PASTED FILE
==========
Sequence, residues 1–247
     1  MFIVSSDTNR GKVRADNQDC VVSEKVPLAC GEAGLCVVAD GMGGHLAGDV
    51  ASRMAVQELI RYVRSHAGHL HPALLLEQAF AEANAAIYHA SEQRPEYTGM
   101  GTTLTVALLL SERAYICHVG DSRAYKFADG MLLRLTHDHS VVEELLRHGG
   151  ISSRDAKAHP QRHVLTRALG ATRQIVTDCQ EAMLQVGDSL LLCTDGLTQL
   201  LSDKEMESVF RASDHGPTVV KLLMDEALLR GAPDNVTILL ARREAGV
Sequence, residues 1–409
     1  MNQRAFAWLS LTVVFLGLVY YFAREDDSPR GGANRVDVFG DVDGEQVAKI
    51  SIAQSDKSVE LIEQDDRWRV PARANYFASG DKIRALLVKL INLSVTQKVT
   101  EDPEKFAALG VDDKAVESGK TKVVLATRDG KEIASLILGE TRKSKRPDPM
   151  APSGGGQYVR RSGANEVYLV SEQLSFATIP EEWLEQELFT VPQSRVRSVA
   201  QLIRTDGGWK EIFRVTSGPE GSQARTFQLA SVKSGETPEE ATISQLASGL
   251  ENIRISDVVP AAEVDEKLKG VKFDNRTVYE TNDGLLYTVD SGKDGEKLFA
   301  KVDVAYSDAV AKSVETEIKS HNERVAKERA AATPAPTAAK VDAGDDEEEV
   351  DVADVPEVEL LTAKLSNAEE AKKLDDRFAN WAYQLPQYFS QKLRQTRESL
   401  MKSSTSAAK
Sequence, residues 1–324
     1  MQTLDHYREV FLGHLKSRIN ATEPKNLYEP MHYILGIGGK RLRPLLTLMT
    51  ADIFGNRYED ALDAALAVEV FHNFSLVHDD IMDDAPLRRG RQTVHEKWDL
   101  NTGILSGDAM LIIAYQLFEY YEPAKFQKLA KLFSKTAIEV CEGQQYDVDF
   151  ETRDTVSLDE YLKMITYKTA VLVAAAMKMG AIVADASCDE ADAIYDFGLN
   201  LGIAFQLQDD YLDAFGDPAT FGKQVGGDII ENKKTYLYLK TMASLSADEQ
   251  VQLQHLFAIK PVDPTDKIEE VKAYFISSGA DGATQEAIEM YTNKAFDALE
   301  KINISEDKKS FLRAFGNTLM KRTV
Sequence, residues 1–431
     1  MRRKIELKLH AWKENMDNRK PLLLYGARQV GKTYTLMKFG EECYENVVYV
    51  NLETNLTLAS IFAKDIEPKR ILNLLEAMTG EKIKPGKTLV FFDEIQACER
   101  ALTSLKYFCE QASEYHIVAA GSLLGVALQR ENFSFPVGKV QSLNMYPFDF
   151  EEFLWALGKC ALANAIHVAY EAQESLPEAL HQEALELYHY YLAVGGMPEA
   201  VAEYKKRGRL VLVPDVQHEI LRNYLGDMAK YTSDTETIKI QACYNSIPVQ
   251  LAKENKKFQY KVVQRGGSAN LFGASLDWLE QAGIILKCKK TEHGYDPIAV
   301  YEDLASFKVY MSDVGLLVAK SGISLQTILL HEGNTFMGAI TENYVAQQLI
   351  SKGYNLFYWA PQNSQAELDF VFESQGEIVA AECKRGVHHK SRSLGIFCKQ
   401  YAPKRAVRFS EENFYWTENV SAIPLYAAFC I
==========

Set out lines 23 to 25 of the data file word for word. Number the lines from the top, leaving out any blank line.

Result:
   251  VQLQHLFAIK PVDPTDKIEE VKAYFISSGA DGATQEAIEM YTNKAFDALE
   301  KINISEDKKS FLRAFGNTLM KRTV
Sequence, residues 1–431